Erickson’s theory

The Effect of Parental Involvement on Child Self-esteem There is little debate about the impact of parental involvement on the early development of children’s attitudes and behavior patterns. However, due to the complexity of the topic and the follow-up necessary to gather data, little research has been done in this area. Most perceptions on parental involvement come from anecdotal information or post-traumatic observations. The Culp, Schadle, Robinson, and Culp (2000) study measured the effects of parental involvement in the child’s early life. Though they worked towards three hypotheses, two dealt with parental perceptions that the parents had of the other spouse. However, the third hypothesis was relevant to the nature of the impact that parental involvement has on young children.
The study was conducted with 25 families of children that were in kindergarten and first grade. Both parents worked outside the home and according to Culp et al. (2000) contributed to the fathers, "[…] taking a greater responsibility in their parent-child interactions during weekdays than single-earner family fathers" (p. 28). Based on this increased involvement by the fathers, Culp et al. (2000) confirmed their hypothesis when they concluded that greater father interaction was "associated with children’s perceptions of self-competence and social acceptance" (p. 36).
The Culp et al. (2000) study found that while increased father involvement elevated the child’s sense of parental acceptance, it did not improve their cognitive or physical abilities (p. 36). Though Culp et al. (2000) found that more involvement by the male parent resulted in a perception by the father of better physical behavior, the study pointed out that this might only be the father’s perception of the child’s behavior (pp. 35-36). The increased time spent with the child, and the added responsibility of caring for them, may alter the father’s perception but not the behavior of the child.
Erikson’s model would tell us that increased father involvement during stage 2 and 3 would result in a child that has more purpose and courage (Boeree, 2006). This is the early stage of independence and an increased father presence that results in these qualities will translate into more independent actions on the part of the child. It will also diminish the negative effects as, according to Erikson’s theory, the lack of parental acceptance would foster feelings of guilt and lack of initiative (Boeree, 2006). This has been corroborated by a study by Biller (1993) that contends a lack of parental involvement can result in insecurity and the development of a poor self-image (as cited in Culp et al., 2000, p.29). These negative traits can also lead to a sense of inadequacy and despair (Classic theories). According to relevant research we can infer that greater involvement by the father will result in a child with a healthier mental attitude.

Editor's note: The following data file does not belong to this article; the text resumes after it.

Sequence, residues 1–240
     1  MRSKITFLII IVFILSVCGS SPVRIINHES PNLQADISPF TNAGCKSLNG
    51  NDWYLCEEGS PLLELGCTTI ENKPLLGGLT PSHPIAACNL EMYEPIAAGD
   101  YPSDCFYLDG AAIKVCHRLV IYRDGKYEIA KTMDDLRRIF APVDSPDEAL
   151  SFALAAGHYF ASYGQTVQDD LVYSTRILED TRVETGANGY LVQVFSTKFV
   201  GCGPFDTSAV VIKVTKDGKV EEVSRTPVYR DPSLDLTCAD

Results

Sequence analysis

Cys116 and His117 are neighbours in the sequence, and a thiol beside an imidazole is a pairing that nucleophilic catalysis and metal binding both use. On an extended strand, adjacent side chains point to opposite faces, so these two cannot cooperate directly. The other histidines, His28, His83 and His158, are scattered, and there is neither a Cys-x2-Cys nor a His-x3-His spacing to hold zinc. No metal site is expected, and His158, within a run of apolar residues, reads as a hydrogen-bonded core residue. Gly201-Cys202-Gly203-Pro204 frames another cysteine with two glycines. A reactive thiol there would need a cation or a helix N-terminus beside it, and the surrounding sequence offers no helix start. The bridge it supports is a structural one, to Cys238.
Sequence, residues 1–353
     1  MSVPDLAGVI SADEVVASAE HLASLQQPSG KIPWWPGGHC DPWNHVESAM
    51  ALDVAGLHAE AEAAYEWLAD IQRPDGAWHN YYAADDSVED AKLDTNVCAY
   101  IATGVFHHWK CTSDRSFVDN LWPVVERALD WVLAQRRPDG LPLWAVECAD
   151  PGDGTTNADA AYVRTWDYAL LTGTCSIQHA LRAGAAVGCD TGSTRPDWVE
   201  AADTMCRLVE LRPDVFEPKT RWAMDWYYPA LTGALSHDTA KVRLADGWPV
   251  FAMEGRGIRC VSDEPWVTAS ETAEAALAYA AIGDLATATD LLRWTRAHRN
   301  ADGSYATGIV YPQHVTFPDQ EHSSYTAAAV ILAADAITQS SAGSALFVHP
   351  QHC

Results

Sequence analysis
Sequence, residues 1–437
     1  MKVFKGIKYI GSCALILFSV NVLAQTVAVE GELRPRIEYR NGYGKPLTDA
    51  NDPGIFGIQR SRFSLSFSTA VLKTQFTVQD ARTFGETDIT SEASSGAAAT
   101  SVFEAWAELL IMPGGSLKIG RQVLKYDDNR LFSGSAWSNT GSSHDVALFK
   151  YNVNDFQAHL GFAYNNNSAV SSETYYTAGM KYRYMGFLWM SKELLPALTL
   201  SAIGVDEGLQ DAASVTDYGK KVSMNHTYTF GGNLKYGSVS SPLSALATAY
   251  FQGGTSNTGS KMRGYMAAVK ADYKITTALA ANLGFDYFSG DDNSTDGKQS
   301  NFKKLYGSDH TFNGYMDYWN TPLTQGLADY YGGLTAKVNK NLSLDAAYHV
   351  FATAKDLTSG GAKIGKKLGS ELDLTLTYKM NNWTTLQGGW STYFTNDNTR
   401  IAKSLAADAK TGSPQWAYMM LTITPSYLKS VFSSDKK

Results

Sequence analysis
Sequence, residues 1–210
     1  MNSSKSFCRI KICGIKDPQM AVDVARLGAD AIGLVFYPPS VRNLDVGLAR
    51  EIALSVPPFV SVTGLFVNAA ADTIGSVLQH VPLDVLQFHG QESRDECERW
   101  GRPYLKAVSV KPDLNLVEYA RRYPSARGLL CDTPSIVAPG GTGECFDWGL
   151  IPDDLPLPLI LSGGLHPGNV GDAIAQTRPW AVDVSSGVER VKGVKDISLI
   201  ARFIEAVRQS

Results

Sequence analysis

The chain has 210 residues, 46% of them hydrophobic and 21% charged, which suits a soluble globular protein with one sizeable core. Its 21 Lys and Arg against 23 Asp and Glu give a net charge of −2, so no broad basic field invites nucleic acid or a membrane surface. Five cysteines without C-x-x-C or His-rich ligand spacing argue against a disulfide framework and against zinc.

The Culp et al. (2000) study was problematic in that the participants were almost exclusively upper middle class Caucasian (pp. 30-31). These factors may have contributed to a better overall condition of family life and may not translate across other social and cultural boundaries. The study was also limited by the narrow age group of the children and the lack of follow up studies. More research involving cohort groups is needed to isolate the impact of parental involvement at very early ages, particularly by the male parent during Erikson’s first stage.
Overall, the study does not present enough clear evidence to support or disprove the Erikson theory of multiple stage growth. It does, however, indicate the importance of parental involvement by both parents during the first six years. The Culp et al. (2000) study does confirm that high father involvement can contribute to improved self-confidence and self-esteem (p. 36). These are critical factors that will facilitate a successful transition to the Erikson stage 4 as the child gains more independence and begins socializing with peers outside the home.
Boeree, C. G. (2006). Personality theories. Retrieved October 30, 2006, from
Classic theories of child development (2006). Retrieved October 30, 2006, from
Culp, R. E., Schadle, S., Robinson, L., &amp. Culp, A. M. (2000). Relationships among paternal involvement and young children’s perceived self-competence and behavioral problems [Electronic version]. Journal of Child and Family Studies, 9(1), 27-38.